Yet again, another denomination has recently decided that a core requirement of their fidelity to the Good News of Jesus is to make sure, one more time that the world knows that they are against same sex marriage.
I wonder if they recognize the grievous message that this anti-gay marriage stance conveys to the adolescents in their churches who are beginning to recognize an internal attraction to members of the same sex, and how it affects the way adults who feel compelled to support this position parent them.
Think, for a moment, back to the time when you were an adolescent. And I ask my heterosexual readers to ponder a) when you “decided” to be attracted to the opposite sex, and b) how awkward in general you felt, even with the social cues that said this attraction was acceptable. Add an additional degree of humiliation if you were generally uncomfortable in your own skin. Now, just for a moment, imagine the plight of a same sex attracted youth. He/She has heard nothing but condemnation of attraction to the same sex. Yet, this is his/her experience. It was not chosen. It just is!
Far from being haters of God, these same youth are often raised in the life of their church and love the religious and social aspects of their faith communities. But, they are told that they have made a choice to feel feelings that are condemned. At the same time, their heterosexual peers are asked by their religious leaders to channel those same feelings towards a path to faithful commitment. The feelings of the straight youth are not, per se, condemned, but the same feelings in gay and lesbian youth are. Neither straight or gay youth chose the feelings they are feeling.
This is the text of their lives-- their own internal story. And if the texts of sacred scripture are intended to help us be wholly available to the Holy One with the whole of our lives, then it is disingenuous to simply disregard the internal dialogue of our youth. To do so makes part of who they are unavailable -- hiding it deep inside so that no one may detect it. They too, often cut off this part of themselves from a conversation with God.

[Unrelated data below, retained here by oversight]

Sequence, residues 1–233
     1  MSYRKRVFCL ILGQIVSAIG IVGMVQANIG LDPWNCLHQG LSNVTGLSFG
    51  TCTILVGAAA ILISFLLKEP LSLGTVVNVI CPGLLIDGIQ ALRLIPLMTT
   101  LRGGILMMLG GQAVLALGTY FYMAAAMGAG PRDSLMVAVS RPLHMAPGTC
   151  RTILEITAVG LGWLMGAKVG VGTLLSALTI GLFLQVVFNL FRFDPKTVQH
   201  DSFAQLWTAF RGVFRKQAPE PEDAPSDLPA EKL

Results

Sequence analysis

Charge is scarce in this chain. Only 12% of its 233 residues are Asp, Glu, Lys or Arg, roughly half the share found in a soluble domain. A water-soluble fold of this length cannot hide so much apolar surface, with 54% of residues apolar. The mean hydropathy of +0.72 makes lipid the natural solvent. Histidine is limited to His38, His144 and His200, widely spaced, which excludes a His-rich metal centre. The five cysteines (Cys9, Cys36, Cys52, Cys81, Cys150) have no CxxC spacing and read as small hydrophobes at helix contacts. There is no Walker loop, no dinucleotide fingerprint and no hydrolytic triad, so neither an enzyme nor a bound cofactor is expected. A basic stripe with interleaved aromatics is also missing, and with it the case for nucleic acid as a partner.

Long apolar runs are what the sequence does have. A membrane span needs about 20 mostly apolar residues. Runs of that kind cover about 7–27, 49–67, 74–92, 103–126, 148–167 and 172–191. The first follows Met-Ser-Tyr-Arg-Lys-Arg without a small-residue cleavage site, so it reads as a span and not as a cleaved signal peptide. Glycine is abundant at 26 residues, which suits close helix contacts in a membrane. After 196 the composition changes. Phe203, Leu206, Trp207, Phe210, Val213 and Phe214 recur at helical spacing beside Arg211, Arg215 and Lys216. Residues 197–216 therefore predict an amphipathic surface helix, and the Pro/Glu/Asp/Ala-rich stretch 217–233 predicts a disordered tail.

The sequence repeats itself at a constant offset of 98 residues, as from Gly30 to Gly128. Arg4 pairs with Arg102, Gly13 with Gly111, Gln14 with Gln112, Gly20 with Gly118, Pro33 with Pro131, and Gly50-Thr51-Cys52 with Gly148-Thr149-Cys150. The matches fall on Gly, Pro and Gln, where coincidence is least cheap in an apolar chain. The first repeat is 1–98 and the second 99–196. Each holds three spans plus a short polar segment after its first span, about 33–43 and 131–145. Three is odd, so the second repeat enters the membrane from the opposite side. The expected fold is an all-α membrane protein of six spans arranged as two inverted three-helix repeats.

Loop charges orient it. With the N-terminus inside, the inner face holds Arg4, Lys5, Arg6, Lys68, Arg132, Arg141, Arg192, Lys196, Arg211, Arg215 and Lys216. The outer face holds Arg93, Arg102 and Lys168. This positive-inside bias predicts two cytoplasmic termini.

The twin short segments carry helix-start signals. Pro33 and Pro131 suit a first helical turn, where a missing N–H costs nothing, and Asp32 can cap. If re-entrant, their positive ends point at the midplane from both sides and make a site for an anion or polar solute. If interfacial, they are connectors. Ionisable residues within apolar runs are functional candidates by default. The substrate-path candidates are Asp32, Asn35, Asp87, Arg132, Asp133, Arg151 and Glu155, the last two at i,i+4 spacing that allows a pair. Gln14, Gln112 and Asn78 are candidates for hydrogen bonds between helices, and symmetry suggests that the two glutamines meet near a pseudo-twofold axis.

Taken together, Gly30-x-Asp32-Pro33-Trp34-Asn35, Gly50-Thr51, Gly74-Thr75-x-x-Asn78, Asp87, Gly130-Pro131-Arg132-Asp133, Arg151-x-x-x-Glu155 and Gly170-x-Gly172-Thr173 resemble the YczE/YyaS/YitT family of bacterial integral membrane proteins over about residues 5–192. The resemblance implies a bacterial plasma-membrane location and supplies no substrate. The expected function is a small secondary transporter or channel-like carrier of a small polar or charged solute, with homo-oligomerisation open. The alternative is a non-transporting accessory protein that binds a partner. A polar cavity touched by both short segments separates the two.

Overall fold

Unlike the mechanical voice of an automobile’s GPS that simply gives direction and does not permit conversation, sacred scripture is a dialogue partner with the faithful on their journey. To tell our youth to suppress their own internal dialogue, to deny it or reject it, is to silence the dialogue. And yet, this is the method of many denominations -- “We know what Scripture says and we don’t need to hear from you.” Such authoritative announcements have been wrong. Thanks to Copernicus and Galileo, the church no longer teaches that the sun revolves around the earth. The universe did not change; the church did. In this change, the church was invited to trust the Lord of the universe over faith in their system of faith.
Parents, encouraged by religious or other motivations, often refuse to dialogue with gay and lesbian youth, opting for dismissing their children’s own self report and replacing it with another imposed “story” of their creation. In so doing, they reject their children. Where gay and lesbian youth are reject, we see higher rates of depression, suicide, homelessness, and risky sexual behavior.
Are these documented negative outcomes preferred over living in a loving way with youth that invites dialogue, a dialogue that runs the risk that how one sees their family universe might just be subject to change? Is it better to embrace and put faith in a denomination’s pronouncement about one’s children or to embrace one’s children and put faith in God in the midst of what one does not fully comprehend?
Let the dialogue begin; begin by listening. Deaf authorities have already said enough.